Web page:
Available hunts with 0 points
(not in order of quality)

Zone Trophy
Potential
4pt or
better %
Public land
%
Season
A-South
(two different hunt options)
100"+ 8% 18% Muzzleloader/Archery MA3 tag (All of Santa Barbara County)
Muzzleloader/Archery MA1 tag (Portion of San Luis Obispo County within Los Padres National Forest)
Nov. 24 to Dec. 9, 2018
C-1, C-2, C-3, C-4
(two different hunt options)
120"+ 16% 32%* Archery A1 tag Aug. 18 to Sept. 2, 2018
Rifle C Zone tag Sept. 15 to Oct. 14, 2018
D-6
(one hunt)
110"+ 5% 48% Archery/Rifle D6 Zone tag
Aug. 18 to Sept. 9, 2018 (Archery)
Sept. 15 to 28, 2018 (Rifle)
D-9
(one hunt)
160"+ 16% 53% Archery/Rifle D9 Zone tag
Aug. 18 to Sept. 9, 2018 (Archery)
Sept. 15 to 28, 2018 (Rifle)
D-11 120"+ 9% 51% Archery A31 tag
Sept. 22 to Dec. 31, 2018
X-9b 160"+ 14% 99% Archery A17 tag
Aug. 18 to Sept. 9, 2018

* Average across all four units

Find your resident mule deer draw odds with 0 points here

Find your nonresident mule deer draw odds with 0 points here

I have 5 to 6 mule deer preference points. What can I expect?

Residents and nonresident:

Now that you have been applying for a few years it truly is decision time as you are about to enter no man’s land. You will have more than enough points for a number of hunt options; however, you are still a number of years away from the higher demand hunts. A decision to wait out these higher demand areas could take more years than it seems at first glance. For example, if you are currently five points shy of drawing the tag you are hoping for, this does not necessarily mean that you will draw that permit in five years as, most of the time, there will be point creep in these areas, which could extend your wait exponentially. You currently have enough points to draw most available tags in the state short of approximately 20 different options that are generally considered the prime season dates. There are a number of options to consider that do have prime rut dates, which should give the hunter the best chance at the oldest bucks in the unit.

Available hunts with 6 points and 150"+ trophy potential
(not in order of quality)

Zone Trophy
Potential
4pt or
better %
Public land
%
Season
X-3a 150"+ 32% 53% Rifle X3a Zone tag
Oct. 6to 21, 2018
X-3b 150"+ 27% 63% Rifle X3b Zone tag
Oct. 6 to 21, 2018
X-6a 150"+ 34% 49% Rifle X6a Zone tag
Oct. 6 to 21, 2018
X-6a 150"+ 34% 49% Muzzleloader M8 tag
Oct. 27 to Nov. 4, 2018
X-6b 170"+ 36% 76% Rifle X6b Zone tag
Oct. 6 to 21, 2018
X-9c 150"+ 22% 91% Rifle X9c Zone tag
Oct. 20 to Nov. 11, 2018

Find your resident mule deer draw odds with 6 points here

Find your nonresident mule deer draw odds with 6 points here

I have 9 to 10 mule deer preference points. What can I expect?

Residents and nonresident:

The good news with 10 points is that you have enough points to draw all but 10 different hunts offered by the state. The bad news is that you are still many years away from drawing any of these ten hunts. With point creep always an issue, you will feel close to drawing for many years without gaining much or any ground at all. If your goal is to hunt one of these premier units, hopefully, you have been building points for all of the other species in California and you are taking advantage of other deer hunting opportunities as well as black bear.

Hardest to draw hunts for mule deer in California
(not in order of quality)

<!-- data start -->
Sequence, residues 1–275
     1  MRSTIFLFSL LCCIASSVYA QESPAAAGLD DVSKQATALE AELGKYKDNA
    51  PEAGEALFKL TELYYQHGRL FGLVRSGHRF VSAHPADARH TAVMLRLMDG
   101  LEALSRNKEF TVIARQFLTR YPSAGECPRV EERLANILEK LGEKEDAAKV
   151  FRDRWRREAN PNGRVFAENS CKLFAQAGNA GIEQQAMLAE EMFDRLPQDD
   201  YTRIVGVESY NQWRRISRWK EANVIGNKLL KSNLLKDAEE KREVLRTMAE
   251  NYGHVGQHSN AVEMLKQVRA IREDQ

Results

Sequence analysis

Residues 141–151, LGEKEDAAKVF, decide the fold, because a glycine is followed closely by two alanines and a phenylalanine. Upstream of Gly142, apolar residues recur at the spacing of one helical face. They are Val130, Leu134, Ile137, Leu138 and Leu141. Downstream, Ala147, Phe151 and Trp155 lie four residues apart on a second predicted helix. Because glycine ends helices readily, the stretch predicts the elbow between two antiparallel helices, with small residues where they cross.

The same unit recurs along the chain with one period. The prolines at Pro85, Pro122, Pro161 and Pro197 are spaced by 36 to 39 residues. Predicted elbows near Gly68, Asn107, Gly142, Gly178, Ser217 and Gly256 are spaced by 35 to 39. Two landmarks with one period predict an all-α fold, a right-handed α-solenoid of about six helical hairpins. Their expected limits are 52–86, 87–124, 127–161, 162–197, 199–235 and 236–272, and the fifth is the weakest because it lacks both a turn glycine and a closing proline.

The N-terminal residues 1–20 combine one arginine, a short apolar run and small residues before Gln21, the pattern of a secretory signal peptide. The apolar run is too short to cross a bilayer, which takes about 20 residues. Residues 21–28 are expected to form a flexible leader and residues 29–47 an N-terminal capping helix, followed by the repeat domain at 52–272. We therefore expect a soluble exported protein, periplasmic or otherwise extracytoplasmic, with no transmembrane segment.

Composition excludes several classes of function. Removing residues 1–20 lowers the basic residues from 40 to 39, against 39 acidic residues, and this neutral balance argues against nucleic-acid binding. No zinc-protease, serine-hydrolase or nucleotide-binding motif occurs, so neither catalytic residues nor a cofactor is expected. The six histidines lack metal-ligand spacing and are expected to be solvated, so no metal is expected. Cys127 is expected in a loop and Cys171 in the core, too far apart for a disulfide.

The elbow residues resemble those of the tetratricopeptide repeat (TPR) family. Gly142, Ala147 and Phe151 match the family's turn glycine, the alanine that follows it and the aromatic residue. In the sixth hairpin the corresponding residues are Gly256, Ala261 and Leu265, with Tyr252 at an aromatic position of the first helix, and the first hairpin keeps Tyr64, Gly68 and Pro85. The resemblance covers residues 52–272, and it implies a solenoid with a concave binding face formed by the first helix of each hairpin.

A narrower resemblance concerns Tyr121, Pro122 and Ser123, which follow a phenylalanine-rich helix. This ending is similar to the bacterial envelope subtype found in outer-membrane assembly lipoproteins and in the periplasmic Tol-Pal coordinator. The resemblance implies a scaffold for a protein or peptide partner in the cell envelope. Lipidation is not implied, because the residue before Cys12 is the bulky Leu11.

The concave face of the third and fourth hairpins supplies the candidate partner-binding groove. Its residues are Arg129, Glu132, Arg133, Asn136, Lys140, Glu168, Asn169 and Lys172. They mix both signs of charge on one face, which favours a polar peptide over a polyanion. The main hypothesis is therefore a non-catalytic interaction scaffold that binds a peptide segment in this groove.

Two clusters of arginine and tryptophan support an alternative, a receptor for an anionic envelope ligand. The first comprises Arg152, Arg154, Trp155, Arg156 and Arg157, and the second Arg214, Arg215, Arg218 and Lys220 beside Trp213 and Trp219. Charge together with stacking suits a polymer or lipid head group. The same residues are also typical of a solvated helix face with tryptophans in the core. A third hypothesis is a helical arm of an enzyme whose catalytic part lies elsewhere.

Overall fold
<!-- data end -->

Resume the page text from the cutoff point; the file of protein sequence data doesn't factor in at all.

Zone Trophy
Potential
4pt or
better %
Public land
%
Season
X-2 170"+ 55% 75% Archery A27 tag
Oct. 27 to Nov. 11, 2018
X-6a 150"+ 34% 49% Archery A26 tag
Nov. 17 to Dec. 9, 2018
X-2 170"+ 55% 75% Muzzleloader M9 tag
Oct. 27 to Nov. 11, 2018
X-5b 160"+ 54% 74% Muzzleloader M5 tag
Oct. 27 to Nov. 4, 2018
X-6b 170"+ 36% 76% Muzzleloader M3 tag
Nov. 17 to 25, 2018
D-6 160"+ 16% 53% Rifle G37 tag
Nov. 24 to Dec. 2, 2018
D-8 150"+ 12% 47% Rifle G6 tag
Dec. 1 to 9, 2018
X-5b 160"+ 54% 74% Rifle X5b tag
Oct. 6 to 21, 2018
X-9a 170"+ 19% 92% Rifle G39 tag
Oct. 27 to Nov. 11, 2018

Find your resident mule deer draw odds with 10 points here

Find your nonresident mule deer draw odds with 10 points here

OTC options

California offers OTC hunts in many different units across the state and there is one archery only (AO) permit that allows the hunter to hunt in the A, B and D Zones. The remaining hunt options covering Zone A as well as most of Zone D allow the hunter to hunt during the early archery season and, if unsuccessful, return for a rifle hunt later in the fall. For more information about these hunts click here.



California's 2018 Columbian blacktail deer breakdown

If you are looking to take a Boone and Crockett (B&C) qualifying Columbian blacktail deer, you will need to be hunting in Zone B or the northern portions of Zone A, specifically around the northeast and south borders of Santa Clara County, the south border of Santa Cruz County, the edge of Monterey Bay and the different subunits found in Zone B and these northern counties in Zone A, which are the only ones within the set boundary by B&C. However, there are also a number of other areas in the state that offer a great chance to harvest some exceptional blacktails, even though they may not qualify for the record books. There are currently ten different options to consider when looking to hunt blacktails in California, but most of these options are outside of the primary blacktail areas of California. All but two hunts in Zone B tags are listed as restricted and are available OTC for both archery and rifle hunts. You are also allowed to pick up a Zone B tag as a second tag if you have not applied for or have been successful in the first drawing of the year. You may also purchase a Zone B tag as a second tag if you wait until August 2, 2018, at 8:00 a.m.